Turks Cheer Erdogan's War Against Syrian Kurds ; IMF Downgrades Outlook for World Economy ; and More Picks 10/17

Turks Cheer Erdogan’s War Against Syrian Kurds (Gerry)

From the Economist: “For many Turks, and for their president, Recep Tayyip Erdogan, the deaths will offer a chance to show that the invasion, seen here as another chapter in the endless war against the Kurdistan Workers’ Party (PKK), a separatist Kurdish group in Turkey, was a matter of necessity, not choice. Turkey says it is acting in self-defence. Such claims ring hollow, however.”

Cuomo Signs Law Aimed at Weakening Trump’s Pardon Power (DonkeyHotey)

The author writes, “Lawmakers said the measure was necessary to ensure state investigations don’t get derailed by the president.”

IMF Downgrades Outlook for World Economy, Citing Trade Wars (Chris)

The author writes, “The International Monetary Fund is … predicting that growth this year will be the weakest since the 2008 financial crisis primarily because of widening global conflicts. … The new forecast predicts global growth of 3% this year, down 0.2 percentage point from its previous forecast in July and sharply below the 3.6% growth of 2018. For the United States this year, the IMF projects a modest 2.4% gain, down from 2.9% in 2018.”

We Need a Fair Way to End Infinite Growth (Chris)

From Current Affairs: “Economies have already stretched beyond what the planet can sustainably provide. With wells running dry, arable topsoil being depleted, and increasingly extreme climate disruption, the flow of these resources will inevitably slow and, in some cases, stop entirely. The question now is whether growth will reverse in a way that’s peaceful, equitable, and deliberate, or violently haphazard, the result of countless unrecoverable calamities that collapse civilization into states of fractured barbarity, just because rich people want to keep being rich while everyone else gets poorer.”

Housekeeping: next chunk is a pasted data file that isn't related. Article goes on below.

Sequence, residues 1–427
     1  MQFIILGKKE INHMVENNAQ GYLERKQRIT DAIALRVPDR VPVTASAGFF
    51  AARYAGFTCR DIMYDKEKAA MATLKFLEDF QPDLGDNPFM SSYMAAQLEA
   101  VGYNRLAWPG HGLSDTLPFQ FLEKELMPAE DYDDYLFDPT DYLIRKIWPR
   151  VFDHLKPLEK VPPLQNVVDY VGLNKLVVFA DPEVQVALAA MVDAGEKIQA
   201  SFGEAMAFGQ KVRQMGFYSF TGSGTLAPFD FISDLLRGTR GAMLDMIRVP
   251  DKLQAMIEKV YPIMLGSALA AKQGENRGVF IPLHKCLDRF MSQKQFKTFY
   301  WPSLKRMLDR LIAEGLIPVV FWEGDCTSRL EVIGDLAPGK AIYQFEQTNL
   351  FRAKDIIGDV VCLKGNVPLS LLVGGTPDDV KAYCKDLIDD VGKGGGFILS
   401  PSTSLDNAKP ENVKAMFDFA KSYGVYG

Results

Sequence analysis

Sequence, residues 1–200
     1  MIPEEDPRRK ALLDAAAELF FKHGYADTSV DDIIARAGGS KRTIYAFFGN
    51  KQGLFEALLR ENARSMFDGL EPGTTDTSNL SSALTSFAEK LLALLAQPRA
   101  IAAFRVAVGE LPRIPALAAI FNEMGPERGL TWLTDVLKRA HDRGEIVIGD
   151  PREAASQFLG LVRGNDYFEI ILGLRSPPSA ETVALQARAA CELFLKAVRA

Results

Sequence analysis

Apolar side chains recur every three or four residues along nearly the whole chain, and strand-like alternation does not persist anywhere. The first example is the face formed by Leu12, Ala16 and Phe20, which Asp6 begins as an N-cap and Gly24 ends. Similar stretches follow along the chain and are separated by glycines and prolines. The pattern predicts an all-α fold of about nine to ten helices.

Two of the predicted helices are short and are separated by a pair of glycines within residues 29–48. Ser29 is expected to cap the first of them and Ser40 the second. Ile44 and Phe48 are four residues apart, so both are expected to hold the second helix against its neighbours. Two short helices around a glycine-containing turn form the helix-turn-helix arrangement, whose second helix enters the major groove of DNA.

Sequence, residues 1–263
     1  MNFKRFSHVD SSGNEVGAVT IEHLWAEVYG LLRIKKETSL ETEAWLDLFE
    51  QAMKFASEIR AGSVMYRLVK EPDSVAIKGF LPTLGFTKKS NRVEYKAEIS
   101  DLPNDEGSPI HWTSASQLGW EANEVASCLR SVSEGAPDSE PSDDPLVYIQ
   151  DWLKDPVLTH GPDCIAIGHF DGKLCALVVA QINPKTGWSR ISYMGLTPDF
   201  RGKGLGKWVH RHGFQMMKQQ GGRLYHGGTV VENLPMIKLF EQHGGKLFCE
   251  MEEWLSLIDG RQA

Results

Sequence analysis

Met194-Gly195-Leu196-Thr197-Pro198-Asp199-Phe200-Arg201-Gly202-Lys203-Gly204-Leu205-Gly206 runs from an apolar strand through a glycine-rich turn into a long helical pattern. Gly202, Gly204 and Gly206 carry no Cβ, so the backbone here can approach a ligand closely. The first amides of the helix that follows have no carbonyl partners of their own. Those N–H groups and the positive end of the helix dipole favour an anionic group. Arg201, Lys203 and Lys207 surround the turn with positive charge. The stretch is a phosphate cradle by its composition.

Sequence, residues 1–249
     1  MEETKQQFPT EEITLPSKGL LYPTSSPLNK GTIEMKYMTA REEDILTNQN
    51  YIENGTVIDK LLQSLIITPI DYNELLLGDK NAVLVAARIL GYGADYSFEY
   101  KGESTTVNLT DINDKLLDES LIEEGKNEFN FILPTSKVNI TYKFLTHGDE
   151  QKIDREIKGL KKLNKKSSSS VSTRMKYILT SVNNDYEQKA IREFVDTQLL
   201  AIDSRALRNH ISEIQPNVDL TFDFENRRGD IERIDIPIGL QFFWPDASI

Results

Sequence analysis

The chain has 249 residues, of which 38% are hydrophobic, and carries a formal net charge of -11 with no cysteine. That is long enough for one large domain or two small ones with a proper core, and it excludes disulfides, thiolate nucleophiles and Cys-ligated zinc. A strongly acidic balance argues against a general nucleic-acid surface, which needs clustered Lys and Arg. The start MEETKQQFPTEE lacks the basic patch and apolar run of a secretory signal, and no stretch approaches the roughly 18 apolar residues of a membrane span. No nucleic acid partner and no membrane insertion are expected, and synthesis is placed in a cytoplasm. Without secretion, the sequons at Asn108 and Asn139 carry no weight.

An Invasive Fish That Can Breathe and Move on Land Has Been Found in Georgia (Mili)

The author writes, “Snakeheads have a voracious appetite; they’ve been known to chow down not only on other fish, but also crustaceans, reptiles, mammals and small birds. They are invasive to the United States, threatening to displace native species and upset the balance of aquatic ecosystems. The fish have been reported in more than a dozen states across the nation and, as Christine Hauser reports for the New York Times, they have now been found for the first time in Georgia.”

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